What is responsive web design?
Let’s just get right into it: Believe it or not, the Treehouse blog that you’re reading this article on is actually a responsive design! To see it in action, open this article on a desktop browser and slowly make the browser thinner and wider. You should see the layout magically adjust itself to more comfortably fit the new width of the browser, even if you make the page as skinny as the resolution of a mobile phone. Here are some screenshots of what the Think Vitamin design looks like at various screen resolutions:
The first stage of Think Vitamin’s responsive design.
The second stage of Think Vitamin’s responsive design.
The third and fourth stages of Think Vitamin’s responsive design.
It’s hard to talk about responsive design without mentioning its creator, Ethan Marcotte. If you haven’t read his seminal article about responsive web design, I highly recommend you check it out (seriously, this is required reading). In the article, Ethan discusses all the key ideas that form responsive web design; and that’s really what responsive design is, technically. It’s not a single piece of technology, but rather, a set of techniques and ideas that form a whole. This is one of the main sources of confusion, and in a moment we’ll break things down and take a look at each part. A responsive web design is necessary for people to see the content in any device, old or new computer, since some new computers have some great gaming performance but are also good to watch different websites.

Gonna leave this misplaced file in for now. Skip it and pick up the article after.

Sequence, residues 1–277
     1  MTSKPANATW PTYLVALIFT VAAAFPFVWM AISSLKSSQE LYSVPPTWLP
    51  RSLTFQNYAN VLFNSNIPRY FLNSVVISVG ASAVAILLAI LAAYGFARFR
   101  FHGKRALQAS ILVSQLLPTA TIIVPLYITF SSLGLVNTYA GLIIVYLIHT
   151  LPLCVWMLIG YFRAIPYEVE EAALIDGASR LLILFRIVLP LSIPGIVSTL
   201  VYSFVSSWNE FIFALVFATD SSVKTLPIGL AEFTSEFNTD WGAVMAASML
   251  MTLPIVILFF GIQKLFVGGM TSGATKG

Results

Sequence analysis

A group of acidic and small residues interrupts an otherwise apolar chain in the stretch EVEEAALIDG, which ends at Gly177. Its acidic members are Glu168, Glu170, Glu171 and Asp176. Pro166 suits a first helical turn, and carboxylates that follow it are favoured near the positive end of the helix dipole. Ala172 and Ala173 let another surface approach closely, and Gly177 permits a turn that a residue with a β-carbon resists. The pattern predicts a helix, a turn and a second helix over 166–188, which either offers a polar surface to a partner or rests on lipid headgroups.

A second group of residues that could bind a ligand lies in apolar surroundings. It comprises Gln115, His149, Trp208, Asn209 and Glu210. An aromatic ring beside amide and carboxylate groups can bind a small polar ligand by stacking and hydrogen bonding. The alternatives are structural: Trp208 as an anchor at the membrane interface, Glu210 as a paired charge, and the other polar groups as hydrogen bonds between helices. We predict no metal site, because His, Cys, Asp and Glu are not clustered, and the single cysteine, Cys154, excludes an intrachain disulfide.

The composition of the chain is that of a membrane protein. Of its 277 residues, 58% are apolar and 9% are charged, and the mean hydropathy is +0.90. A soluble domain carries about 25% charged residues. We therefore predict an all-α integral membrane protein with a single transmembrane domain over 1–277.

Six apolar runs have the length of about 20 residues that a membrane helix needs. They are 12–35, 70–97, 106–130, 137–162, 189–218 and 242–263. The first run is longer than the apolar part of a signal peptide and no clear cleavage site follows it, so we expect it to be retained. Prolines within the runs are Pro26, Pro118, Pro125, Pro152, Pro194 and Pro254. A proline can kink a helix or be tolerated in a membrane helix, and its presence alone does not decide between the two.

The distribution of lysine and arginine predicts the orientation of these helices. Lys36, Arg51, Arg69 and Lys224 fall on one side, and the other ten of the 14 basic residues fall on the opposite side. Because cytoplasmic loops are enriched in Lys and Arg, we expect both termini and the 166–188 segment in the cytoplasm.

So, what is responsive design exactly? Actually, a better question to ask might be, what problem does responsive web design solve? Well, as you may have noticed, computers aren’t the only piece of hardware with a web browser anymore. I might get myself in trouble by saying this, but the iPhone was one of the first mobile devices to feature a really great web browser, and it really put the spotlight on upgrading the experience of the mobile web. Many other devices followed suit and, seemingly overnight, the face of the mobile web had changed.
The changing landscape of web browsers meant that users expectations also changed; people expected to be able to browse the web on their phones just as easily as they browse the web on a desktop computer. So, in response to this (if you’ll excuse the pun) the web design community started creating mobile versions of their websites. In hindsight, this wasn’t really the way forward, but at the time it seemed like a reasonable idea. Every website would have their normal ‘desktop’ version of their site, and as a bonus, a ‘mobile’ version.
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